Tuesday, November 15, 2011

Sunspots & the Earth

In previous posts, I introduced sunspots, discussed sunspot cycles, and tried to explain why the Sun has sunspots.  As a professor, I'm used to getting the "Why should we care?" argument from students.  My stock answer, expressed a bit more eloquently, is that it's fucking interesting.  But, in the case of sunspots, there are valid reasons why we, as a society, should be interested in them.  Check out this video.

This is a coronal mass ejection (CME) - a massive release of electromagnetic energy and ionized (charged) particles, mostly electrons and protons.  If the event occurs on the side of the Sun facing the Earth, electromagnetic energy from across the spectrum, long-wavelength radio waves to short-wavelength gamma rays, travel to Earth at the speed of light taking only 8.5 minutes or so to get here.  The stream of charged particles takes a bit longer to reach the Earth traveling, on average, about 500 km/s although sometimes reaching speeds of 2000 km/s.  Since the Sun is 150 million km away, it will take the charged particles anywhere from 1-4 days to arrive (depending on their speed).

These eruptions of energy on the Sun are associated with active regions - in other words sunspots.  They're not well understood but are thought to occur when lines of magnetic force break and reconnect releasing stored energy.  As much energy as a billion hydrogen bombs!

What are the consequences of this here on Earth?

Fortunately, here on Earth, we're shielded from much of the dangerous electromagnetic radiation (gamma rays and x-rays) and high-energy charged particles by the Earth's atmosphere and magnetic field.  Future astronauts on the surface of the Moon, or traveling on a ship to Mars, could get radiation poisoning or even be killed by such events (astronauts aboard the International Space Station are in a low-Earth orbit and still somewhat shielded from such events).

OK, you're thinking, I'm not planning a trip to Mars anytime soon so what's the worry?  The problem is that with a large enough CME, our atmosphere and magnetic field become a bit overwhelmed and there are effects here on Earth - some harmless and some more serious.

Our Earth has a magnetic field generated by the rotation of liquid iron in the outer core.  This field normally deflects away the constant stream of charged particles from the Sun (the solar wind).  This solar wind compresses the Earth's magnetic field on the side facing the Sun and stretches it out on the far side into a tail.

During a CME, so many charged particles (ions) interact with the magnetic field that some are able to leak down toward the Earth in the vicinity of the north and south magnetic poles.  Some get trapped in a doughnut-shaped ring called the Van Allen radiation belt and others spiral into the upper atmosphere (called the ionosphere).  These results in auroras.

More on auroras in a bit while we first take a short digression and talk about satellites and power grids...

Satellites are greatly affected by the charged particles released during a CME.  Most satellites don't orbit in the vicinity of the Van Allen belt, but those that do need to have their electronic components radiation hardened to survive.  Satellites in higher orbits are susceptible to damage from the high-energy particles from CMEs.  High energy electrons can physically damage the electronics and solar cells of satellites and even scramble the data stored in computer chips.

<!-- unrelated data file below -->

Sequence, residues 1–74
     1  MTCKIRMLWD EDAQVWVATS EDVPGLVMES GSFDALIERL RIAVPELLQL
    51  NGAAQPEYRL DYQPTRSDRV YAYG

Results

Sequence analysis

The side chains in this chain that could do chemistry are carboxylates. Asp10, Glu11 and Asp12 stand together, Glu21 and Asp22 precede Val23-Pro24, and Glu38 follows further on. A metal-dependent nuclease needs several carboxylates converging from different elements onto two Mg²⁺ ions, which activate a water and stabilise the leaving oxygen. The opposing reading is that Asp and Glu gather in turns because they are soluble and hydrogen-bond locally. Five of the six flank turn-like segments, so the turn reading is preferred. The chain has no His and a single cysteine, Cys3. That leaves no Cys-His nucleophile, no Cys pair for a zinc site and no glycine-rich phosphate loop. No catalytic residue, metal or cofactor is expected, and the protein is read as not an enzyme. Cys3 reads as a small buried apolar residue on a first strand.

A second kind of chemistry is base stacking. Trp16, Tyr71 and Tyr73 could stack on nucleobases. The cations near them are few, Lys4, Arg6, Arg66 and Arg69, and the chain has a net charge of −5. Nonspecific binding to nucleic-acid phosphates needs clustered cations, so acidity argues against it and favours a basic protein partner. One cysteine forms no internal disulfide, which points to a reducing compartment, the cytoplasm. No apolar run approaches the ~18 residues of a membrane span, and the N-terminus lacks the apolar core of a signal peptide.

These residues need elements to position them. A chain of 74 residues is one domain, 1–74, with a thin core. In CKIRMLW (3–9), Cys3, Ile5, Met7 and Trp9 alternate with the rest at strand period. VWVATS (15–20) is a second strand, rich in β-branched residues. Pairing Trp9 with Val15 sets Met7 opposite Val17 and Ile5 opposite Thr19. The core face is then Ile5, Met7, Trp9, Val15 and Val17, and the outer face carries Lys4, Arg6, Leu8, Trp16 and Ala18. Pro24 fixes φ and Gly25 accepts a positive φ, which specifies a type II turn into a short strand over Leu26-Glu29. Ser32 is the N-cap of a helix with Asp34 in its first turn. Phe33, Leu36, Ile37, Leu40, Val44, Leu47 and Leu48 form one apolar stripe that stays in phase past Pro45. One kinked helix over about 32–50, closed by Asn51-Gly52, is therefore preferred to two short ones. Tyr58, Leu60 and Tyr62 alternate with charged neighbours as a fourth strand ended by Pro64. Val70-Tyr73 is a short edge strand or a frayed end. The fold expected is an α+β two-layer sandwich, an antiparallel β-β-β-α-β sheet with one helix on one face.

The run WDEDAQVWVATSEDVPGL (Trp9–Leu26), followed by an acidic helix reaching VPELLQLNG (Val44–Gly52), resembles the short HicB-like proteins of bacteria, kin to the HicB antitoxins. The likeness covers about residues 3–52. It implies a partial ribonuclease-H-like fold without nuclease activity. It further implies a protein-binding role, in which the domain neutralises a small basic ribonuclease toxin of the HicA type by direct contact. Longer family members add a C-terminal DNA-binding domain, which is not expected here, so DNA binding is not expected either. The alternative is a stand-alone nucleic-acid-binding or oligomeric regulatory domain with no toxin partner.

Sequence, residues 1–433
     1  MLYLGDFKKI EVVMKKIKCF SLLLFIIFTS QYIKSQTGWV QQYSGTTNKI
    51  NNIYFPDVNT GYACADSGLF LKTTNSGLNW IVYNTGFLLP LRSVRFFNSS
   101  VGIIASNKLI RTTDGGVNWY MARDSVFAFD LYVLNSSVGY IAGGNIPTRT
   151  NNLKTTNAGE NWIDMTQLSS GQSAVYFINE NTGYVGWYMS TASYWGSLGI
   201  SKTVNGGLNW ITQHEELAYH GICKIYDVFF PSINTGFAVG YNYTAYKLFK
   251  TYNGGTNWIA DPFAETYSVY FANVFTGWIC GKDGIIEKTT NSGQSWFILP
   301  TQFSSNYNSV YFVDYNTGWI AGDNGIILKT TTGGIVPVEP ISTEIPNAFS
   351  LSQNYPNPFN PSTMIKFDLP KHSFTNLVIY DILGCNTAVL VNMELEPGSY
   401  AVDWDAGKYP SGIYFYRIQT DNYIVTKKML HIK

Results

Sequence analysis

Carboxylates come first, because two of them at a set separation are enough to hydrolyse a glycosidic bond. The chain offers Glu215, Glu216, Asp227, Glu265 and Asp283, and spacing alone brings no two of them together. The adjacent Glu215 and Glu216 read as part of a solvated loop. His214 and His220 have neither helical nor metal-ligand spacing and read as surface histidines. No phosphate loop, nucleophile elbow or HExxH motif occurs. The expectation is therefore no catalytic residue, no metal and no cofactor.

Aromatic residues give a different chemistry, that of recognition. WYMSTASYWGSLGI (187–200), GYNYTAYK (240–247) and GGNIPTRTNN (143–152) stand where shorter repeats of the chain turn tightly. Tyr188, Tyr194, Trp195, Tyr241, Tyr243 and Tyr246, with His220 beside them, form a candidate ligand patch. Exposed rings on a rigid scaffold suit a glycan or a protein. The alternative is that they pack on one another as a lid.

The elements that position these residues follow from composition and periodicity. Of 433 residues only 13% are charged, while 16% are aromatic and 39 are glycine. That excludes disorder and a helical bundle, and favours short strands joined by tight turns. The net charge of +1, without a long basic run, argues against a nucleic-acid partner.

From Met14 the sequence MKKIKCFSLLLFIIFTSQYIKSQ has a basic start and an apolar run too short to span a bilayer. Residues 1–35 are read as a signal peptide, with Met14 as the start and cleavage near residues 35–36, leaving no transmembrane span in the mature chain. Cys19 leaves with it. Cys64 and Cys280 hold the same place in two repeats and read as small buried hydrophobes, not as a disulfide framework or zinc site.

Large CME events can also compress the magnetosphere (the magnetic field "bubble" around the Earth) leaving the satellite outside of the protection of the magnetic field and more vulnerable to damage.  In addition, since satellites often use the Earth's magnetic field for guidance, this can disrupt their attitude control systems.  In 1997 and 1998, during the last sunspot cycle, a number of satellites were damaged from CMEs including the AT&T Telstar 401, PanAmSat Galaxy IV, and several Motorola Iridium satellites.  Almost a billion dollars in insurance claims were paid out in 1998 for satellite failures in orbit.

Low-Earth orbit satellites can also suffer from CMEs.  During a CME, the added energy into the Earth's atmosphere causes it to expand.  This creates increased frictional drag on these satellites reducing their orbital life-span.

There is another effect CMEs can have as well.  Large CMEs can induce currents in electrical lines here on Earth.  In March of 1989, two solar cycles ago, a large CME caused the power grid in Quebec to go down resulting in six million people losing power.  Are we still vulnerable 20+ years later?  More so than ever - check out these images from a recent study of this issue (click on the images to enlarge and read the captions).

It's theoretically possible for a large CME to knock out half of the U.S. power grid for weeks to years!  Think about that when wondering if it's worthwhile funding scientific research of the Sun.

Next time I'll post about auroras but for now I'll leave you with some information about the solar "superstorm" or 1859 (thought to be a once in every 500 years event).

On September 1, British astronomer Richard Carrington observed a large CME erupt from the Sun which took only 18 hours to reach the Earth (a velocity for the particles of over 2,000 km/s).  This triggered a massive geomagnetic storm on Earth resulting in auroras seen around the world (most notably down in the Caribbean!).  There were reports of people here in the Northeast being able to read newspapers by the light of the auroras at night.  Telegraph systems throughout the world failed.  Sparks flew from wires, operators received electrical shocks, and telegraph paper even caught fire.

Such an event today, in our electrified, wired world, would be literally catastrophic.

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